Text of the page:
For those who enjoy reading ebooks, the player has a text feature that will permit you to do this. I personally enjoy the feeling of a hardcover book but I know that there are those of you, like Julie, who enjoy reading books off electronic devices.
I was surprised that the text did not appear too small on the 1.5” display. I found it very readable, although I cannot image reading a novel off the small display.
The ability to view color photos is an attribute of Brando’s digital audio player. The display quality is good, at best. Photos look the best when they are at good resolution at 128 x 128 pixels. That pixel size is roughly 1.5” diagonal, which makes sense because that is the size of the player’s screen.
To give you an idea, here is an image sized to 128 x 128 pixels.
Options in the section include the ability to view photos one at a time or you can set them up to automatically flip to the next photo, like a slideshow. The automatic option even includes a mechanism to specify the delay, in seconds, between images.
Nice if you want to carry some pictures of the family or your pet around but I would not recommend using the audio player to view photos with a lot of details. I think the details will be lost or atleast limited by the size of the screen.
This section was the one that I spent the least amount of time reviewing, mainly because I did not attempt to import my phone information, again a limitation of the poor user manual. I can tell you that you can import and export your phone data and the device will display the subject’s name. Upon clicking on a person’s name, you have the ability to enter information in the following fields (denoted by icons): cell phone, main phone, email and fax number.
The audio player includes three games: BoxMan, Bricks and Color Bead. The Bricks game is like Tetris and it was the only one that I could quickly figure out.
A nice feature in this section would be the ability to play a game while listening to your music, occupying both your eyes and ears.
The Movie section includes an AMV Player that allows you to watch video clips in AMV format. I was unfamiliar with this particular video file format, so I looked it up on the net and found the following description:
“AMV is a video file format, produced by MTV for use in Chinese MP3/MP4/MTV Players” – Wikipedia.org.
As with the picture and text functionality of this device, I think they are cool features but I would not want to attempt to watch a video of any given length on the digital audio player’s tiny screen.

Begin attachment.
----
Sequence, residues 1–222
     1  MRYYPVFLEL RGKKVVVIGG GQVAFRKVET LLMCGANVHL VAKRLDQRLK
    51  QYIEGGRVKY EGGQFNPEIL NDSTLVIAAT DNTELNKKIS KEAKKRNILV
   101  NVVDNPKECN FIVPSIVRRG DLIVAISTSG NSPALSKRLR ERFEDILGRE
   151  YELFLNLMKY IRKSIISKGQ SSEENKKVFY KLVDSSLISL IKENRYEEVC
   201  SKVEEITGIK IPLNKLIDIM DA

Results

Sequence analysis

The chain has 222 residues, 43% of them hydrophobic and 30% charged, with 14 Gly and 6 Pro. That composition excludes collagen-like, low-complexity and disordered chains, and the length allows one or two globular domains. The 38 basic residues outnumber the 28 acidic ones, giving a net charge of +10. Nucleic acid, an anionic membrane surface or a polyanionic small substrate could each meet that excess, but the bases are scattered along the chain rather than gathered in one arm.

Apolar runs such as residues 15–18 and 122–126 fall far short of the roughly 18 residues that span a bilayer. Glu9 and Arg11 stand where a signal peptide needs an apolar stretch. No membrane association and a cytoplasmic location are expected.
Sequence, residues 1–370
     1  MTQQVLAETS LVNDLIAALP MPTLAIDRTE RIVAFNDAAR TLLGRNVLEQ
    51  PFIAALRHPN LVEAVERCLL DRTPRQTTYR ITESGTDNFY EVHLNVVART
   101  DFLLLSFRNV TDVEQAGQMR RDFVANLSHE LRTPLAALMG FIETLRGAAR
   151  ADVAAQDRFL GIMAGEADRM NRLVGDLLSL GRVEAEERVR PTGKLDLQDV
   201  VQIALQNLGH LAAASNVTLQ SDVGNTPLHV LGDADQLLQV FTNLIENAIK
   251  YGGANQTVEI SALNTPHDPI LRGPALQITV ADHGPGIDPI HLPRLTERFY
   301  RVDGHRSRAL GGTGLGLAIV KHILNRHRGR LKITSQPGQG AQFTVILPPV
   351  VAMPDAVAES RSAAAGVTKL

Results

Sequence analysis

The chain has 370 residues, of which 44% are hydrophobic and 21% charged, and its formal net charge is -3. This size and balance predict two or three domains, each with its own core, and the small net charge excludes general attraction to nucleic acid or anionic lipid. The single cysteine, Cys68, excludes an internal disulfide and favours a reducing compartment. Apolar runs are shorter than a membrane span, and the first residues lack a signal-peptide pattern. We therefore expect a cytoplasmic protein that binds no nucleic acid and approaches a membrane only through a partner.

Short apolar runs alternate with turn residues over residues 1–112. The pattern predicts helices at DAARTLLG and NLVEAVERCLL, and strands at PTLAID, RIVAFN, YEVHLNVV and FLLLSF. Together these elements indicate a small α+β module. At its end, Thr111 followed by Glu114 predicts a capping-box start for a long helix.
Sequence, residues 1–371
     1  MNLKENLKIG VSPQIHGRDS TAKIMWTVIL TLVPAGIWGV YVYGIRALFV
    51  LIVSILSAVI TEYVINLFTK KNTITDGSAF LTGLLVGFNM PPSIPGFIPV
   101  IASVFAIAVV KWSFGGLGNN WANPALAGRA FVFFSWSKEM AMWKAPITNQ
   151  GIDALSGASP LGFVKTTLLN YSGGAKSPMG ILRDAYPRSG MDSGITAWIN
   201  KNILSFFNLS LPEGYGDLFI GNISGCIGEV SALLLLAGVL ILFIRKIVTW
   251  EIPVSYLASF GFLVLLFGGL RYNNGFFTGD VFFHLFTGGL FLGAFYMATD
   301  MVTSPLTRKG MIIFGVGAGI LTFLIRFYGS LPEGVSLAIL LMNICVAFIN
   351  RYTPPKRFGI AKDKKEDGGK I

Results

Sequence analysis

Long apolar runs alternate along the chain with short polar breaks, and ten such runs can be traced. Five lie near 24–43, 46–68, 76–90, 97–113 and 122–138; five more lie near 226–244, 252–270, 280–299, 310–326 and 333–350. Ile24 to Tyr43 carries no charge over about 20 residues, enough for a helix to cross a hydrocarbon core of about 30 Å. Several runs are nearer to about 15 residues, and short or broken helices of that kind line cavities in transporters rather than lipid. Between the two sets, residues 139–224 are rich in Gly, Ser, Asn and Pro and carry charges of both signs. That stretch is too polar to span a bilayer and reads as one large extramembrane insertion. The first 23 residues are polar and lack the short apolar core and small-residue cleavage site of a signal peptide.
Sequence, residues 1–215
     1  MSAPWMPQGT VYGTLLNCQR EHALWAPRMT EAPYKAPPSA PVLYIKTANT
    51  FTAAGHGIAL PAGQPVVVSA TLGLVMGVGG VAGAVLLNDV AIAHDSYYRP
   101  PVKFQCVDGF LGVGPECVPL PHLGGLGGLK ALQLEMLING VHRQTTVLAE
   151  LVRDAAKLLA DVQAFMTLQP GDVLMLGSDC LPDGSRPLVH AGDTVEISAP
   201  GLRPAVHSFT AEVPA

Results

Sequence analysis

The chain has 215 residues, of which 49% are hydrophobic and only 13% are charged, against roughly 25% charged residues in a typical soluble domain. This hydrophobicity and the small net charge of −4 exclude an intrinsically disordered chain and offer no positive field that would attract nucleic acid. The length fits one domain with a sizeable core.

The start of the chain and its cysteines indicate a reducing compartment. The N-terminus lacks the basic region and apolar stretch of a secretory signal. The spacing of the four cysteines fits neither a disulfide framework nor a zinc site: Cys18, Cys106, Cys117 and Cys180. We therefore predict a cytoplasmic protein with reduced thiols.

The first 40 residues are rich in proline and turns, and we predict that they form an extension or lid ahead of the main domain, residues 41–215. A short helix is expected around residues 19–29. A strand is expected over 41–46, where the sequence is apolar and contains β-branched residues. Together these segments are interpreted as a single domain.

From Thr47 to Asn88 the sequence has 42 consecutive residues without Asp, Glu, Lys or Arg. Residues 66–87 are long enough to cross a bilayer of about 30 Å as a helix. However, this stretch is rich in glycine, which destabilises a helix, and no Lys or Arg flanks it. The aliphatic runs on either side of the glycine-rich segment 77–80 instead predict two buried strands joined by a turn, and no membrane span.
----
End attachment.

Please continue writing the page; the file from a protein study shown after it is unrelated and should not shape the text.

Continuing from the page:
This section is where a user can set the general options of the player (clock, LCD brightness, Language, Power Off specifics, Replay, Memory information and Firmware specifics).
The player’s specifies that it supports the following languages: English, Traditional Chinese, Simplified Chinese, French, Italian, German, Spanish, Japanese, Korean, Portuguese, Dutch, Danish, Polish and Russian. Under the Language section it also list Arabic, Thai, Swedish, Czech, Slovakian and many others.
The Power Off section gives you the ability to turn the power off after a set time of inactivity, plus it has a sleep timer function which you can set up to two hours. So you can use your tunes to put yourself to sleep without wasting all of your battery.
Now that I have touched on each of the sections in the player, let’s look at some other findings.
Transferring data to the device is very simple. Just plug the player into your PC using the USB port and it should automatically appear (depending on how ancient your PC is) as an external drive. Then it is just drag n’ drop files onto the device. Hard to beat that, in regards to simplicity.
Earlier in the review I mention the fact that I never could get the battery icon to show a full charge. With that in mind, I was able to play the device for over 8 hours continuously without the player’s battery shutting it down.
Charging the battery is done via a USB cable. You can plug into your computer or use the USB AC Adapter included in the package. I always like these extra USB adapters for charging because they are great if you have other devices that use USB to gain power. You can always use a back-up.
One note of concern, when you use the USB AC Adapter you can get the player to display the USB connection/battery charging image without actually having the AC Adapter plugged into the wall. So theoretically, if you were not paying attention, the device would appear to be charging when, in fact, it was not connected to any power source.
Look mom, charging without power. Now I know that would be a feature that everyone would love.
Overall, I think the player tries to do too much and fails to do anything very well. Do not get me wrong, I think Brando’s digital audio player is a very serviceable device with multiple functions that give you the ability to do a lot. In my opinion, the unit’s size and ability to transfer files are its biggest advantages, while I found the navigation mechanism and user manual its biggest detractors.
In comparing Brando’s device to the iPod Nano, I think I might be more willing to fork over the extra $50 for a 2GB Nano then purchase the digital audio player.